China and Japan face epidemic of heart disease
Asia is facing a cardiovascular disease epidemic as a result of increases in obesity, high blood pressure, and smoking, show data analysed in the Asia Pacific cohort studies collaboration.
The findings are based on data from 600 000 people involved in 43 studies in nine places: China, Hong Kong, Thailand, Singapore, Australia, Japan, South Korea, Taiwan, and New Zealand. Whereas many western countries are grappling with rising obesity and have seen a peak in rates of smoking, in Asian countries most notably China several major risk factors are all rising.
"The pace of economic development in this part of the world is very fast, and smoking rates have increased rapidly too," said Professor T H Lam, head of the department of community medicine at the University of Hong Kong, one of the centres in the collaboration. "This has happened together with a higher fat diet, an increasingly westernised lifestyle, and a rapid decline in the level of physical activity."
The Asia Pacific cohort studies collaboration (www.apcsc.info) pools data from existing longitudinal studies and information on the regionâ€™s cardiovascular disease profile and is the largest study of its kind done in the region.
"The purpose of the collaboration is to see if the risk factors are the same, and if so whether or not they act in the same way, as they do in developed countries," explained Professor Mark Woodward, director of the project and professor of biological statistics at the University of Sydney.
"The biggest surprise was that the smoking effect is so similar. What weâ€™ve found is that smoking is just as important a risk factor for Asians as it is for Caucasians, despite a belief among some scientists that Asians have some protection against the ill effects of smoking," he said.
China and Korea have the regionâ€™s highest percentages of smokers; approximately 60% of Chinese men smoke. Previous studies on smoking and cardiovascular disease have found lower rates among some Asian populations than in the West but did not take account of the duration of smoking. "Now the smoking epidemic is beginning to mature, and the effect of smoking on disease rates, particularly heart disease, is showing in places with the longest history of smoking," said Professor Lam.
In a paper published in 2001 Professor Lam and his team concluded that smoking related mortality trends in Hong Kong were a likely indicator of future trends in China as a whole (BMJ 2001;323:361).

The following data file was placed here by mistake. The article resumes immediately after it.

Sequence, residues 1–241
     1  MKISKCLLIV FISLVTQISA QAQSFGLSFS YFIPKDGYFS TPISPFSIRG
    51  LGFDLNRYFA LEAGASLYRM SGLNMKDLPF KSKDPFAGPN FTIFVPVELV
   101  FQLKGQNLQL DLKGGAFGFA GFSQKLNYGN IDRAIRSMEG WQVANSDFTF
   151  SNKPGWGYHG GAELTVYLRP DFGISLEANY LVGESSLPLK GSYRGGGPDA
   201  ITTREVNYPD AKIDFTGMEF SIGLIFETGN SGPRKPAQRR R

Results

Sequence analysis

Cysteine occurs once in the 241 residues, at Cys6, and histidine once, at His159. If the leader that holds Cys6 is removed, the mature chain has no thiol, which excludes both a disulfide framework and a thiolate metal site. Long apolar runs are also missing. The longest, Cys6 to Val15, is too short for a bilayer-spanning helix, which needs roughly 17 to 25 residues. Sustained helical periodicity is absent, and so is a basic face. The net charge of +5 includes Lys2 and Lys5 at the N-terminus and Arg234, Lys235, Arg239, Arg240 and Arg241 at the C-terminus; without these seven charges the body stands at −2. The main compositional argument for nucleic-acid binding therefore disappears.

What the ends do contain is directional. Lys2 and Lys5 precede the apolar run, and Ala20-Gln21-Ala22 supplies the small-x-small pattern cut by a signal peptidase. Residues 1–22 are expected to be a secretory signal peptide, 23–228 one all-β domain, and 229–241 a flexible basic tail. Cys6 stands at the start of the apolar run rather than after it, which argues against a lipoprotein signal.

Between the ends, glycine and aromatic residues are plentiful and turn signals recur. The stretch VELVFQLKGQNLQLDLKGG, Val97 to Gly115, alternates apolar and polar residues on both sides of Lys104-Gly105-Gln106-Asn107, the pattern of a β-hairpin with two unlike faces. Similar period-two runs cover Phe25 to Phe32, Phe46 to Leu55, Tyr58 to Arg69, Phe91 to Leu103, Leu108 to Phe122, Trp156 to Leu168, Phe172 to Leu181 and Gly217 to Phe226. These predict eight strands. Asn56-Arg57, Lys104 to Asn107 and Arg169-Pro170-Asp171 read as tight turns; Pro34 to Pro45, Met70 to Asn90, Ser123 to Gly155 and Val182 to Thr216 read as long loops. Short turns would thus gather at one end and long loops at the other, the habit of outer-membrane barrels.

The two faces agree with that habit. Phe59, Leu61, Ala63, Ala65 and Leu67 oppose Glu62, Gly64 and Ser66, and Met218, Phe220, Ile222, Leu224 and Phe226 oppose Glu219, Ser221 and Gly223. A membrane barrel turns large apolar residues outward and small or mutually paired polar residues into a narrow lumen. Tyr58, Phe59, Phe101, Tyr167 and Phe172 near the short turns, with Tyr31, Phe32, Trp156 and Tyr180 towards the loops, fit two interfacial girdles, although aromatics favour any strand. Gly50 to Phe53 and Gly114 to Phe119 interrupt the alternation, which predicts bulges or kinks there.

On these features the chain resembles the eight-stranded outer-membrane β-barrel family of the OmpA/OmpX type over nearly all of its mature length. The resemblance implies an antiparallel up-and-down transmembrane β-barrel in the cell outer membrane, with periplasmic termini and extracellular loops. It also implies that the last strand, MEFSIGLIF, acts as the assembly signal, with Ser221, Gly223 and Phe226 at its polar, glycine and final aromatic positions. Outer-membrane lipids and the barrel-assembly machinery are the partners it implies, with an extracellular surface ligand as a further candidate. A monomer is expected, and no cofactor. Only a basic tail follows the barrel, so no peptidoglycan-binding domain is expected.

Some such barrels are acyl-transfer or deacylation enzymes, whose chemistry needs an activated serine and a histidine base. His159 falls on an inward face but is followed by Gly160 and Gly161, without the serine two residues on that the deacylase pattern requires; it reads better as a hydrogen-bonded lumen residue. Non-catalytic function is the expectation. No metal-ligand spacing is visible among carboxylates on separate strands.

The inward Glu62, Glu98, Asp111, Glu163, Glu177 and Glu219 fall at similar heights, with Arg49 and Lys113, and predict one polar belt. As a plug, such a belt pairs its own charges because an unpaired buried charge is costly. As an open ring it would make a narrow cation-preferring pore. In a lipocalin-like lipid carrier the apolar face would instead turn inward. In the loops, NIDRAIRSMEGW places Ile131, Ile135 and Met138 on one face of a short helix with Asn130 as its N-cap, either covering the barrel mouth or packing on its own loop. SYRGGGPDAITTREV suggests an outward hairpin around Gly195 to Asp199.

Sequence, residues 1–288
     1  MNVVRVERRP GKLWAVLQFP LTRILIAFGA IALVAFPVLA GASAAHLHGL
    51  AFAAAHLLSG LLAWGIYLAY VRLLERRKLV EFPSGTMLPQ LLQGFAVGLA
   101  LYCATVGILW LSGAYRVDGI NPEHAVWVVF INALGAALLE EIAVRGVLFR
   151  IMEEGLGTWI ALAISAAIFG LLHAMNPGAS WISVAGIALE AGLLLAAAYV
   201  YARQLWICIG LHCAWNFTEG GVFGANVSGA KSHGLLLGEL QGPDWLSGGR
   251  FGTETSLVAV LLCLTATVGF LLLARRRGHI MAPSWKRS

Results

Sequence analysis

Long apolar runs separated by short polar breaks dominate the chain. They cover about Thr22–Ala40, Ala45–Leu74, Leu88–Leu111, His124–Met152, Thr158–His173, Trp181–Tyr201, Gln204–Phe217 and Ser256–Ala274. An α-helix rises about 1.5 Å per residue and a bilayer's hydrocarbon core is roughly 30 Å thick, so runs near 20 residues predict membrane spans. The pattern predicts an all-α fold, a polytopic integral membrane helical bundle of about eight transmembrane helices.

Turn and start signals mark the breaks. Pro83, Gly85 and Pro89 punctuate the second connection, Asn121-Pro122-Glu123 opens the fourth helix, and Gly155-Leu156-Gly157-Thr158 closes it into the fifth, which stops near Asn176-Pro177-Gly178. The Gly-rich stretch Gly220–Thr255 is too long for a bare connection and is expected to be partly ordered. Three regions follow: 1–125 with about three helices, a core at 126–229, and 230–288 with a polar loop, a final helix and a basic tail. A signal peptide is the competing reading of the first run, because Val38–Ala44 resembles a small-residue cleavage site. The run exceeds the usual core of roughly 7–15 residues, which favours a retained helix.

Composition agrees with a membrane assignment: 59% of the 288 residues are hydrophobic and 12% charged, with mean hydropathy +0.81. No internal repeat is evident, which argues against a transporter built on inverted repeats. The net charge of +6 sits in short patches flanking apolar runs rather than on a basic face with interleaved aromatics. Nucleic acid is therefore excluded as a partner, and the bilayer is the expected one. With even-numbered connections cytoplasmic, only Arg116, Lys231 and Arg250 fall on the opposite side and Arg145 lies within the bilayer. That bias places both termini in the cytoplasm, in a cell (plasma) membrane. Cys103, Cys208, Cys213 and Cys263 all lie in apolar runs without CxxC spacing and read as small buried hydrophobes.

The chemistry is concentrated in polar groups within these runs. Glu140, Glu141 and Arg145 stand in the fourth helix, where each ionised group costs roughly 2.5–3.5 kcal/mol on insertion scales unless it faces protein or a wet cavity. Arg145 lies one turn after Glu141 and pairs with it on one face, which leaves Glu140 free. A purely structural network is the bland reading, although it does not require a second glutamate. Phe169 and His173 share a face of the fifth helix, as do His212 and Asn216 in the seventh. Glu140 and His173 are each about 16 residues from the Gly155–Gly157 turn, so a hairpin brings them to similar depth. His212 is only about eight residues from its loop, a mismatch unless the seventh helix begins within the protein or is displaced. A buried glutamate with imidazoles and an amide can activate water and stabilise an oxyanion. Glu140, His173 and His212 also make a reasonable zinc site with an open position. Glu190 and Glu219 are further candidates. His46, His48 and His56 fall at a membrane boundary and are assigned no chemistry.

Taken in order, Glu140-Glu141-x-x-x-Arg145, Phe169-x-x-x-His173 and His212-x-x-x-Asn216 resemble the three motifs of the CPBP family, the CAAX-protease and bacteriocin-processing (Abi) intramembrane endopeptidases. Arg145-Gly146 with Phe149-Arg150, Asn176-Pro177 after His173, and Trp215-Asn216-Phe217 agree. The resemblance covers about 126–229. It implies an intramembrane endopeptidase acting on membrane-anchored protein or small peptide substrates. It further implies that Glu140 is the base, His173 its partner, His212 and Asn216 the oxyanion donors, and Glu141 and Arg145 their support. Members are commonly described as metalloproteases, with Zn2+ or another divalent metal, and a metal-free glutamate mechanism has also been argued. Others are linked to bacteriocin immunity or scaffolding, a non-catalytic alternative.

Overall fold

"What happened in Hong Kong is a good predictor of what will happen in China, where tobacco consumption is 20 years behind that of Hong Kong, and now we are starting to see that happening. The Asia Pacific cohort studies collaboration is showing increasing incidence of heart disease among younger adults, and the rate will rise faster than we expected," he said.
Obesity was shown to have at least as great an effect on Asian populations as smoking, and the dangers of raised blood pressure were also highlighted. "Blood pressure appears to be even more of a risk factor [than in the West], and this is thought to be due to high salt intake. It is more of a problem in rural areas where there is no refrigeration and salt is used to preserve food," said Professor Woodward.
The incidence of stroke in China is four times that in Western countries, and cardiovascular disease tends to strike Asians 10 years earlier than it does their Western counterparts, the data showed.
"Heart disease is striking earlier because of the rapid rate of change of lifestyle. Another hypothesis is that a sudden increase in obesity has an even greater effect on a population that was not well nourished in the first place," said Professor Lam.
"There is no sense of urgency at government level and a very low level of awareness among the public. We are not being alarmist when we say that the fattier diet, reduction in physical activity, and smoking are extraordinarily worrying."